Foundational Pillars: Areas of Strength and Opportunity

From its inception, Stevens has very deliberately identified and pursued research and education in areas of true societal need, from the Industrial Age to the Information Age. With this focus, Stevens has left its mark on the world over its nearly 150-year history.

As the 21st century unfolds, Stevens will build on this record to become a global leader in targeted domains that draw upon the unique strengths and scholarly interests of our faculty and researchers. As society’s needs evolve, so will our emphasis and our focus, guided by our core values and principles.

The areas upon which we will build—our “foundational pillars”—represent research and education domains in which we possess both existing expertise and a strategic focus for the future. The foundational pillars are envisioned as inter- and multi-disciplinary domains that will engage diverse collaborators, internal and external to Stevens, in dynamic partnerships and communities in the pursuit of large-scale grant funding and the creation of centers of excellence and practice. Through interdisciplinary research collaborations and innovative educational programs, as well as external partnerships, Stevens will maximize our societal impact and build our reputation in strategically selected target areas.

In parallel, we will continue to focus on the hallmark features of a Stevens education that have distinguished the University over generations of students and prepared Stevens alumni for leadership positions in industry, as entrepreneurs, innovators, and academics, and in a wide variety of careers: a rigorous, broad-based, technology-infused curriculum spanning engineering, the sciences, and business as well as the humanities and social sciences; a methodical and quantitative approach to problem-solving; an underlying and pervasive emphasis on design, innovation and entrepreneurship; and experiential learning opportunities, including career-focused and perspective-broadening opportunities such as co-operative education, internships, international experiences, and service learning. These are some of the integral and distinctive aspects of a Stevens education. 

1. Artificial Intelligence, Machine Learning, and Cybersecurity

Artificial intelligence (AI) is at the core of many of the emerging technologies that will transform daily life. Machines can now mimic sophisticated functions of the human mind, advancing the cognitive processes that allow them to “learn” without being programmed, an approach known as Machine Learning (ML).  ML is what enables driverless cars to plan safe routes, translates vast amounts of health-related data into better medical care, and underpins product recommendations, digital personal assistants, new financial systems, online advertising, and more. Stevens will build capacity in AI/ML research in order to innovate and transform large-scale data sets into actionable knowledge.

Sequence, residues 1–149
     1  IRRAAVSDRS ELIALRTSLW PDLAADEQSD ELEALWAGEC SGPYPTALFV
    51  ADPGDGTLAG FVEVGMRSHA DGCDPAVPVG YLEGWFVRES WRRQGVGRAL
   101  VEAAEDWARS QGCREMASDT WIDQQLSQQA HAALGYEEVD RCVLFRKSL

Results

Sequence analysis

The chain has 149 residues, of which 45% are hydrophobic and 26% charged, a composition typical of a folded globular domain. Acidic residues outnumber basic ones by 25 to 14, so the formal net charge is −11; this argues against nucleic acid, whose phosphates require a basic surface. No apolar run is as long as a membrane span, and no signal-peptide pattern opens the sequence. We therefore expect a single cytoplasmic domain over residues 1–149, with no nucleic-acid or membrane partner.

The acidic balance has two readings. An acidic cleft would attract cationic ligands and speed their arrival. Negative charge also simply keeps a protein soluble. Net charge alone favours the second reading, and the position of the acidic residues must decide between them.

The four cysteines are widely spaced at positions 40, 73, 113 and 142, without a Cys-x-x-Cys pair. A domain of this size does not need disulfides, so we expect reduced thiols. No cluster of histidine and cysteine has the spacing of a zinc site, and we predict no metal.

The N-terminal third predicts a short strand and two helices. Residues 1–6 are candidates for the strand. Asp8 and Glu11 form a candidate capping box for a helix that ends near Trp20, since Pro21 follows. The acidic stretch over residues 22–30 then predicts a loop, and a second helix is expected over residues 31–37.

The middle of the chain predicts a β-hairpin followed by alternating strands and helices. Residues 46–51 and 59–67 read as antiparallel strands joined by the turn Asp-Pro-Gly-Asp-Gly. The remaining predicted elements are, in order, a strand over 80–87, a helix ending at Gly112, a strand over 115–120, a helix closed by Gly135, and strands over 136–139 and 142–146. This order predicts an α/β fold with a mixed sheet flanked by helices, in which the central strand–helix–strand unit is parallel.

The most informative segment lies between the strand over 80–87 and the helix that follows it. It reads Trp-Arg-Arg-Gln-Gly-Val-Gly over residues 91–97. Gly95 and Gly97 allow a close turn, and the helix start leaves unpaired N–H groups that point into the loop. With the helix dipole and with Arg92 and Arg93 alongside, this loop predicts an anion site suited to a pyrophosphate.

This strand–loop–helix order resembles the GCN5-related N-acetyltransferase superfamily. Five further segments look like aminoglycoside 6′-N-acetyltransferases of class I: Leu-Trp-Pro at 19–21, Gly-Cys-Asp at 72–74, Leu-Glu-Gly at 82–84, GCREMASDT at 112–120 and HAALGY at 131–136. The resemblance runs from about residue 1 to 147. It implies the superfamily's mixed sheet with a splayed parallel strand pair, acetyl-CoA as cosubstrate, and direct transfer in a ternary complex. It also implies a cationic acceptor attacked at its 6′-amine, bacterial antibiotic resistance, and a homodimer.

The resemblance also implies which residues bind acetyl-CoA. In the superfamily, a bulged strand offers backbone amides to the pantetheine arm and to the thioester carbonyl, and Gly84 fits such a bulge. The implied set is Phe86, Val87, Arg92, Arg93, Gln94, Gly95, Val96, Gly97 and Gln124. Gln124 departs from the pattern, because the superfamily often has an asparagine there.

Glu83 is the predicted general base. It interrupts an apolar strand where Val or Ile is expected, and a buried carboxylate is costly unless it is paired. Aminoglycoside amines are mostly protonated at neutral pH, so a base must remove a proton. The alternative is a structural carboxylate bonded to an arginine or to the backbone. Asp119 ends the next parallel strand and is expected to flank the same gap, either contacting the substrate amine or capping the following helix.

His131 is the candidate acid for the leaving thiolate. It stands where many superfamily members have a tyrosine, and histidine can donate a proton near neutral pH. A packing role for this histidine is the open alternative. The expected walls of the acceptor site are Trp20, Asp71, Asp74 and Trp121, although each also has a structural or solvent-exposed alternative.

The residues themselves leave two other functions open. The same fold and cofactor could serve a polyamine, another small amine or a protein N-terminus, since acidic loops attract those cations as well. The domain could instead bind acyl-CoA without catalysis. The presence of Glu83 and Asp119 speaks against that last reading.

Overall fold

In addition to the new and emerging opportunities created by the proliferation of data by individuals, corporations, and governments, new challenges are also created in the form of cyber threats to networks, information systems, and infrastructures. Stevens’ strengths in cybersecurity— reaching from mathematical foundations, formal methods, privacy, network and systems security, and cybersecurity in critical infrastructure, to application areas such as finance and maritime transportation systems— will be leveraged to develop the tools and methods to confront increasingly sophisticated and damaging cyberattacks and address projected shortages in the cybersecurity workforce.  Stevens will also advance this pillar with a vision for educational programs that equip students with strong computational foundations. 

2. Data Science and Information Systems

The use of data in product design, marketing, and operations is reshaping the modern world. For example, projections by Gartner, Inc., indicate that in less than 12 months, 4.4 million information technology jobs will be created globally, of which 1.9 million will be in the United States. Estimates indicate that the amount of data generated over the last two years is greater than that in the previous history of the human race, with exponential growth projected for the future. More importantly, over the past decade, the value of data has increased at least as fast due to new technology, applications, and products created to understand data in order to support decision making. At Stevens, data science and information systems will be applied to measurement devices, communications networks, data management and analytics, visualization, and user access domains. Multidisciplinary teams of data engineers, computer scientists, domain experts, and statisticians will turn corporate data into knowledge that leads to smart operations and intelligent business decisions. Stevens will fuel progress through novel research in areas such as the confluence of ever-increasing network speeds and higher rates of sensor output from the Internet of Things (IoT), and will contribute to advances in visualization, machine learning, and metaheuristic optimization.